LibraryThing member corinneblackmer
Redburn Wellingborough, a young man who idealizes his Revolutionary War era father, decides to go to sea, leaving his bereaved mother and sister and taking with him a journal written by his father that he regards as sacrosanct. The moment he leaves home, however, he is ridiculed for his antique clothing, and we become aware that we are in the Jackson Era, during which most Revolutionary Era pieties, institutions, and assumptions, including the assumption of having a prosperous family farm, have been exploded. Redburn is an outcast, a fact which is underscored when he encounters mean bullies in New York City and, even worse, the malignant Captain Riga, a Russian who defrauds him mercilessly. He acquires a friend on the voyage to Liverpool and, when there, he discovers that his father made his money from the slave trade. He attempts to get food for a starving mother and her children and, eventually, makes his way back to the boat for the voyage back to New York City. He has a friend who is ruthlessly and unspeakably bullied--made to engage in the most debasing sexual and social rites--and keeps a measured distance from the victim of the relentless Jackson. When he arrives back in New York, he deserts his friend, who he later learns has died.… (more)
LibraryThing member dmarsh451
Melville is one of the writers I 'saved for later'. I wanted to be able to crack open the occasional unread heavy hitter. It was a risky move. Anything goes wrong now, I will never read 'Moby Dick', and if that car in St-Lazare had driven rather than skidded into my bike back in '04, I would never have read 'Moby Dick' or 'Redburn'. That would be a pity. I would have missed watching Wellingborough, cringe green at the start, learn his ropes. It is complicated, physically taxing work that Melville describes through the young man's apprentice eyes. These are some beautiful pictures, as elegant as snowflakes and as phantom.
"There is no counting the names, that surgeons and anatomists give to the various parts of the human body; which, indeed, is something like a ship; its bones being the stiff standing-rigging, and the sinews the small running ropes, that manage all the motions."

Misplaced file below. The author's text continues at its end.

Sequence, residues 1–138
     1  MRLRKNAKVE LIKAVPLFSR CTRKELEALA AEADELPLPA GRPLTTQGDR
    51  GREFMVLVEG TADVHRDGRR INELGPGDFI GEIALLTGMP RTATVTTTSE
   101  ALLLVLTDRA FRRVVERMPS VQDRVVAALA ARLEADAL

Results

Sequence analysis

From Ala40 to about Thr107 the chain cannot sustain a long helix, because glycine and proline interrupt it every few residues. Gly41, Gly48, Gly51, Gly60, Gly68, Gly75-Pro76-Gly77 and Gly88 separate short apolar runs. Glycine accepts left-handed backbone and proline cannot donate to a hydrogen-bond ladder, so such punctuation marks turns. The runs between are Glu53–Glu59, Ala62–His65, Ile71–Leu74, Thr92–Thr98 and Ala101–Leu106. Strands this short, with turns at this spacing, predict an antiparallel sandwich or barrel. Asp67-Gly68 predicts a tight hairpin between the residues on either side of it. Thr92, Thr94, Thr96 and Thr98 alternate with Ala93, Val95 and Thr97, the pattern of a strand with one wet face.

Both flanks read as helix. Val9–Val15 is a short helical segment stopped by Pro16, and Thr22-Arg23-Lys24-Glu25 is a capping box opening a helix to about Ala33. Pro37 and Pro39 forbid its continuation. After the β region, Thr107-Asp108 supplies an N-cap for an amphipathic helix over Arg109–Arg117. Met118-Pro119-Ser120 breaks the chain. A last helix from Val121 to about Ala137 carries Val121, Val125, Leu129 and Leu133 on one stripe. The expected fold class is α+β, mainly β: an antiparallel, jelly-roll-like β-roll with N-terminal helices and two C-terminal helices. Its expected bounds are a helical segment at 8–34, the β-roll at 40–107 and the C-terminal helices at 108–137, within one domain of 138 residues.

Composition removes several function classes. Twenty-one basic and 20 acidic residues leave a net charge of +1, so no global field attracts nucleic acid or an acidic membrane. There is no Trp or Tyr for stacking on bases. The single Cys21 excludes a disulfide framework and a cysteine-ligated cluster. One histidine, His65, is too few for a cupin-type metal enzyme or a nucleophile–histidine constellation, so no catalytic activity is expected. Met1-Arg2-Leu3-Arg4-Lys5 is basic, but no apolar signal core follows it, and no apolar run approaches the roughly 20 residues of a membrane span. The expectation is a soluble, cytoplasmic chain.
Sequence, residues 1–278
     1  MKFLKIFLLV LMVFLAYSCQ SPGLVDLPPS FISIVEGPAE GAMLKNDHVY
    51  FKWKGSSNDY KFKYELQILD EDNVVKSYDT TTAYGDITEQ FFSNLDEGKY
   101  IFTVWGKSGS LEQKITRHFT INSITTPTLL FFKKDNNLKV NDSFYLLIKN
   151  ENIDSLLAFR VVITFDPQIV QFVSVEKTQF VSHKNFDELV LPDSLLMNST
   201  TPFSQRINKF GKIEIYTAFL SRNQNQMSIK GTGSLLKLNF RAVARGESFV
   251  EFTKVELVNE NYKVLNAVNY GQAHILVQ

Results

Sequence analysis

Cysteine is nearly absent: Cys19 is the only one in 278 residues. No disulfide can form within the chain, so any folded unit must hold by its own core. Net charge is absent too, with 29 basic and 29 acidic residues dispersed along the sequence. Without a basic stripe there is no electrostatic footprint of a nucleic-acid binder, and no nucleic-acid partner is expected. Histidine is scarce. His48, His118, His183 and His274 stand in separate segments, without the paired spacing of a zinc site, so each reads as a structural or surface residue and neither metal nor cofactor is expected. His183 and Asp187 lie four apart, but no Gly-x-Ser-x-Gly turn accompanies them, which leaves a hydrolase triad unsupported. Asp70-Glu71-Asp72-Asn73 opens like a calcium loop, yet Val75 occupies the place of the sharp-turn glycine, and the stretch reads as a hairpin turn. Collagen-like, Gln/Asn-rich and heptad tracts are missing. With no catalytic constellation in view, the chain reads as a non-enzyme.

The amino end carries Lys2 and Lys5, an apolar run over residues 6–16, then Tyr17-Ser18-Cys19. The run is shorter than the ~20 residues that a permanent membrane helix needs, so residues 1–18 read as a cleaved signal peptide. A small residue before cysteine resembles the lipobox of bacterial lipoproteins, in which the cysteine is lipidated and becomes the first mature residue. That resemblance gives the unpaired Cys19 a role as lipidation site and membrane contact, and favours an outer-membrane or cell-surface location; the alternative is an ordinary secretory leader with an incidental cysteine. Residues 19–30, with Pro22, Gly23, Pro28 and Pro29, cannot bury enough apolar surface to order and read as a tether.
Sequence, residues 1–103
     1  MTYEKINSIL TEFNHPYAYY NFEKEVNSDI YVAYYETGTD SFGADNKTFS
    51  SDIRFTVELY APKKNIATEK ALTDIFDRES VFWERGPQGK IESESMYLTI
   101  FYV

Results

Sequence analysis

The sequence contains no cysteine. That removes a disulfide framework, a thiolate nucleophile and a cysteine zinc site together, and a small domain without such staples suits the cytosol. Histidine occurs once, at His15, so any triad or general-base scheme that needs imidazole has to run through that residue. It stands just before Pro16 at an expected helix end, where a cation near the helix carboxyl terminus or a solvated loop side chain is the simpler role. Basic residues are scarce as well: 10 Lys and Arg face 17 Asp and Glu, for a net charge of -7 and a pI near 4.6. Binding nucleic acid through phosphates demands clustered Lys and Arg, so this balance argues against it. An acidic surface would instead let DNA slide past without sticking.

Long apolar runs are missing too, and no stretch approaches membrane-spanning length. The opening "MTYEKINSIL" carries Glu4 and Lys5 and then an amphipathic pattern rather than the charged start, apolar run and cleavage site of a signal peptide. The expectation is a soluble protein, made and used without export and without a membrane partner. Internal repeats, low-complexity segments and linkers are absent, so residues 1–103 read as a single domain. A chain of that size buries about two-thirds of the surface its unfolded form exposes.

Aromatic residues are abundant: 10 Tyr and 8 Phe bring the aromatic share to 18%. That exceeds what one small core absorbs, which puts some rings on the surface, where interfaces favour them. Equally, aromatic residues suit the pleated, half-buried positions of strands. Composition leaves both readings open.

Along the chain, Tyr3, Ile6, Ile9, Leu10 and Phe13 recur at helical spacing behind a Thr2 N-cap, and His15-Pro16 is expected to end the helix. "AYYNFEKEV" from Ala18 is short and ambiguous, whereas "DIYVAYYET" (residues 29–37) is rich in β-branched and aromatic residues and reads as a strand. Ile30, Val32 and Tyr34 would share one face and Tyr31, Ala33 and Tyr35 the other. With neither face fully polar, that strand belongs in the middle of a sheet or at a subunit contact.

Here is a passage about navigation that in the era of GPS gives me shivers, "The ship lay gently rolling in the soft, subdued ocean swell; while all around were faint white spots; and nearer to, broad, milky patches, betokening the vicinity of scores of ships, all bound to one common port, and tranced in one common calm. Here the long, devious wakes from Europe, Africa, India, and Peru converged to a line, which braided them all in one."
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LibraryThing member markbstephenson
Wellingborough Redburn comes from a large and illustrious New York mercantile family which has recently become impoverished because of the bankruptcy and death of his father. Needing to support himself, he decides to find employment where employment is available - the sea. This novel, like Melville's earlier Typee and Omoo, is a sort of fictionalized memoir based upon his own experiences at sea - this time his first voyage in 1839. This was not aboard a whaling ship but on a merchant vessel carrying goods and passengers from New York to Liverpool and back. Redburn is far more advanced in literary matters than his co-workers but this counts for nothing until he has learned (literally) the ropes and how to manage sails with them. His self-deprecating humor as this process begins and continues is a good deal of what makes this novel so entertaining. He suffers much but learns through what he suffers and because of his outstanding literary gifts and capacities for close and discerning observation gives us a very vivid view of his fellow crew members, their ship and their very arduous lives. Once in Liverpool we are treated to some very touching scenes of the poverty and vice there at that day and Henry Bolton, a young Englishman in comparable circumstances to Redburn's own is introduced. Henry joins the return trip to New York seeking to emigrate to America, but sadly comes to a tragic end despite Redburn's efforts on his behalf. This and Redburn's many speculative (i.e. Melvillean) flights of fancy ultimately turn this into quite a deep and serious work.… (more)